Notes on the lighting: I went from 2 background lights to one, placed directly behind me, and aimed straight back at my background. I used my other two lights as key and fill. Key was a socked beauty dish overhead and a bit camera right. Fill was a shoot-through umbrella about waist level, camera left. (With one light I was getting shadows and uneven lighting on my face.)

If I do a re-re-shoot:

1) Bigger key. (I have on order an Alien Bees PLM mid-size parabolic silver bounce umbrella with a diffuser attachment. It's much bigger than the beauty dish, and my give me enough wrap to replace the fill light with a reflector and put the second light back on the background.) If all else fails, maybe a 4th AB400 will do the trick.

2) I'm using the little metal reflectors on my background lights, but they don't spread the light very much. I will try to even out the background by using two umbrella reflectors instead. This may also mean I won't need gobos to block their spill.

I do get the feeling I'm closing in on finding one lighting setup I like, but I'm not quite there yet. Of course, once I do find one I'll start looking for another...

While I was at it, I dug out another prop. My Glock model 30, a very compact .45.

Monday, September 7, 2009


I still catch myself thinking unproductively in the face of a fresh rejection. The word on my "binoculars shoot" is coming in from Fotolia. Of the first batch of 6 shots, four were selected, and two were declined.

Of the two refusals, one was, "Your photograph did not reach our desired level of aesthetic quality," and the other was, "The object will not be easily isolated from the background. The object must be captured on a bright seamless background."

There is nothing I can learn from the first message. The reviewer didn't like it. Maybe they didn't like the lighting, the pose, the wardrobe, the focus, the color, the idea- who knows. Whatever they didn't like about it, they couldn't be bothered or didn't have time to give me anything specific. Since I don't have a clue what the issue is, I'll probably send that same reviewer more shots with the exact same problem.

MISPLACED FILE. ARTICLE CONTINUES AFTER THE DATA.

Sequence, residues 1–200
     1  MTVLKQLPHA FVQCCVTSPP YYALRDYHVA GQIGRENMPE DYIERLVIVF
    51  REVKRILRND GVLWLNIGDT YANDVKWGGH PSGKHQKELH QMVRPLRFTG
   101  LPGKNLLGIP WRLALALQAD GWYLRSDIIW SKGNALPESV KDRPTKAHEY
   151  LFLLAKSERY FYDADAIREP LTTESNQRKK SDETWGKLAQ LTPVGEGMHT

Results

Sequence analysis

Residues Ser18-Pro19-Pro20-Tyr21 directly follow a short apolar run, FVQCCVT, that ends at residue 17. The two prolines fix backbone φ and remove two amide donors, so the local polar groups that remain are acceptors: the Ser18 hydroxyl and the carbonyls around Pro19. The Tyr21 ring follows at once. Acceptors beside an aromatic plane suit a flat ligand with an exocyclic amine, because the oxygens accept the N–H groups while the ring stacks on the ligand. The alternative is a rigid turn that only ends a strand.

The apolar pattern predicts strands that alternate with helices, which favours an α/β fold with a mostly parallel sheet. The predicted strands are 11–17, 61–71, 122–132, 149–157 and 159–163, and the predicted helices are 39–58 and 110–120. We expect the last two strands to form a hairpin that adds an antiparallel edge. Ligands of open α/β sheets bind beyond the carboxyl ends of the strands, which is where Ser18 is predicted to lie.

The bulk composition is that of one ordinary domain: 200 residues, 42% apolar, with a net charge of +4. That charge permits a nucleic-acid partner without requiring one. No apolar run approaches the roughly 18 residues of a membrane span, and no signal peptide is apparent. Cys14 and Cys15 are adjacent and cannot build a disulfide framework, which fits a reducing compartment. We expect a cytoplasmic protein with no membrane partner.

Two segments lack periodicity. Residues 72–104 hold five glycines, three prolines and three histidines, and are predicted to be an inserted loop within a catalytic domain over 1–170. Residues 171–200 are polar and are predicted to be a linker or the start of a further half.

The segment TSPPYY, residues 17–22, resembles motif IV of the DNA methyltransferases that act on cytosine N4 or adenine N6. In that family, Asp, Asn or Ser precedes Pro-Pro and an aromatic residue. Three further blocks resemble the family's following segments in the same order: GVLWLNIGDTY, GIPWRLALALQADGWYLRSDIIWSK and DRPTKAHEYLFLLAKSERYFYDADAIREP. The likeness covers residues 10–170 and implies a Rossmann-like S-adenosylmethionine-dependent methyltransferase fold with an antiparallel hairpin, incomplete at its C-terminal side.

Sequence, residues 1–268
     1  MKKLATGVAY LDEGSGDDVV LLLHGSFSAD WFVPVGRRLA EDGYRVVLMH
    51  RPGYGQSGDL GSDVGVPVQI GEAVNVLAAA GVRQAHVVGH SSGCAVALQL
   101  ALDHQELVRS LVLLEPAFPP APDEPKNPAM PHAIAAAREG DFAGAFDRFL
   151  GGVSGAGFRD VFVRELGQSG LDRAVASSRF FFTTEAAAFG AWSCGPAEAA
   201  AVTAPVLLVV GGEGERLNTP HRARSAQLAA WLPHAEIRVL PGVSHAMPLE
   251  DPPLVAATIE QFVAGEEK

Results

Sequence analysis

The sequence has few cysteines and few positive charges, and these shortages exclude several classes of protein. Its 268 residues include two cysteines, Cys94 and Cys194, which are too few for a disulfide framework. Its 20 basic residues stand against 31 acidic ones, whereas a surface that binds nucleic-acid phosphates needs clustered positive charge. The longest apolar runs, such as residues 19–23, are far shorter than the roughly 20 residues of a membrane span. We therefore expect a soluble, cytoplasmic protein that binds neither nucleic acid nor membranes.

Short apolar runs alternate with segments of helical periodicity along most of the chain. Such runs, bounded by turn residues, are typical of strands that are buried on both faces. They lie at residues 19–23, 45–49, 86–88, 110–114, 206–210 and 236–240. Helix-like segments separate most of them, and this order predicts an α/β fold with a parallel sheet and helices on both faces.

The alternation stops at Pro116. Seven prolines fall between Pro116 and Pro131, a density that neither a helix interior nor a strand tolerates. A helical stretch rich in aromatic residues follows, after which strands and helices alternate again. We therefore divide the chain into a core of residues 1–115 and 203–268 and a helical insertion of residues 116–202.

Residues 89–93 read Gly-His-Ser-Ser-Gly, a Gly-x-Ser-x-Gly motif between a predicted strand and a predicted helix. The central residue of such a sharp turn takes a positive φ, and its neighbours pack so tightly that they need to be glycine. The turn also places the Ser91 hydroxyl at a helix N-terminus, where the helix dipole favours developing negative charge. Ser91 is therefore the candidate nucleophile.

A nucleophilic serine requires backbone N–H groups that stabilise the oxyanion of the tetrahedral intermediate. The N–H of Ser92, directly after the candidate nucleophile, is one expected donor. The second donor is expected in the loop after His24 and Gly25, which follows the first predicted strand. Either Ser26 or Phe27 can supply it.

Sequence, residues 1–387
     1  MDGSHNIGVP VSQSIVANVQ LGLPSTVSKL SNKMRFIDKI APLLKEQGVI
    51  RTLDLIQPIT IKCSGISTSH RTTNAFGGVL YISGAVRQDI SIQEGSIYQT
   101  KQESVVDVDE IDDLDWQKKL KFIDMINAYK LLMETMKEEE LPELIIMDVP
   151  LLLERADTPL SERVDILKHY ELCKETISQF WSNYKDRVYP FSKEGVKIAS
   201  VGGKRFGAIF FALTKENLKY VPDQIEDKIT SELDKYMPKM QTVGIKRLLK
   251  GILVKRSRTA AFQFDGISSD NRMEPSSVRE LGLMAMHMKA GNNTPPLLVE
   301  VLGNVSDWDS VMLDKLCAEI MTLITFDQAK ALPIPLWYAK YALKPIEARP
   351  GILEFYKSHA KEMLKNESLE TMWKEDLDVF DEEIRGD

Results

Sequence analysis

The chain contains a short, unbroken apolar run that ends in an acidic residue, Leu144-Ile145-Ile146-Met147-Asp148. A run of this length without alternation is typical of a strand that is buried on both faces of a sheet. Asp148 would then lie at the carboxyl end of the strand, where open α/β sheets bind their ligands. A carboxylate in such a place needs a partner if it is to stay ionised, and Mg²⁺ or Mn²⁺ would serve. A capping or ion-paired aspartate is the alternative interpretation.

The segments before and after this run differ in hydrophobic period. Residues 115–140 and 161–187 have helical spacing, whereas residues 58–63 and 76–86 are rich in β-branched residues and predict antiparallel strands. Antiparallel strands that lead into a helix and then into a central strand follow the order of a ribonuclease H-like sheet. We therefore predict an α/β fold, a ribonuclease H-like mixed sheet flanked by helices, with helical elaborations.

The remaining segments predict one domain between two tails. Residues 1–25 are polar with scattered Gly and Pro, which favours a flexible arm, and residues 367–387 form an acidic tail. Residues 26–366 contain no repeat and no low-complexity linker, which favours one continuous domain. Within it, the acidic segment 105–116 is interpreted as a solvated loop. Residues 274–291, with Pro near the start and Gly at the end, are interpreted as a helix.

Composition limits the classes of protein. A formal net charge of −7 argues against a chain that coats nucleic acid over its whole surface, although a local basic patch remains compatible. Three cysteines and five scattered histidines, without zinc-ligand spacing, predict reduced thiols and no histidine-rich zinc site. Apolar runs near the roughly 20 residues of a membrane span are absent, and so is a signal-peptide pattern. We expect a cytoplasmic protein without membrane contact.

The second one got me. My first response was, "Oh? But the other four on the exact same background were fine? I must have got a bad reviewer. *grumble* *pout*" What's more, the rejected two images were accepted at Shutterstock anyway, and generated three sales there today alone. So, I almost just let it go at that.

But then I thought about it some more. Maybe I got a great reviewer. Maybe he had other uses of my images in mind, like compositing me into something more interesting than a grey background. And maybe he thought about how much easier that would be if I'd lit the background to pure white for him. And last, he could have just given me the lazy rejection response of "Your photograph did not reach our desired level of aesthetic quality," and been done with it. But he didn't, he took the time to let me know what he didn't like, and for a moment, I was acting like a spoiled child.

So, I say, "thank you!" to the reviewer, for taking the time to help me take a better picture next time. Tonight, I'll get myself back in the garage, don my "business guy" shirt and tie, and put some light on that background for you. While I'm at it, I'll shoot a few in portrait orientation as well.

Lessons learned:

1) Rejections can be an opportunity. They can help me expand my thinking, add a twist to a concept, or give me something technical to work on.

2) I should try to think more about how my images will be used, and not just worry about getting a technically good image. For example, there's not necessarily anything wrong with a grey background, but for many uses a blown-out white one will be a lot easier to work with. I'll try for a mix of both in the future.

3) Not every rejection is an opportunity. If the reviewer gives me nothing specific, then there's nothing I can fix. Perhaps the microstock agencies have some things they could improve upon as well...

Changing the subject, I'd been collecting a list of other blogs I follow for a post "one of these days", but today I noticed that one of them had mentioned me! When I first found ShootingStock (Thanks to Bob at picNiche), I immediately went to the oldest post and read the whole thing through in order. Like me, David is just getting started in microstock photography. I loved getting his perspectives on a lot of the same challenges I face. There's something uplifting about knowing there's other people out there on the same journey as I am. Thanks for sharing, David!

Saturday, September 5, 2009

On1 DSLR Remote - Now I can shoot myself!

I've got a few shots in my portfolio in which I am the model. These shots were a pain, as I shot them without a good tethering solution. I did have my camera's video out running to a portable 7" DVD player, so I could watch the LiveView. I also used the Nikon remote trigger to fire the shutter. Adding the D90's few-second delay gave me time to hide the trigger before the shot fired, but since overall the setup was cumbersome, I didn't end up being my own model very often.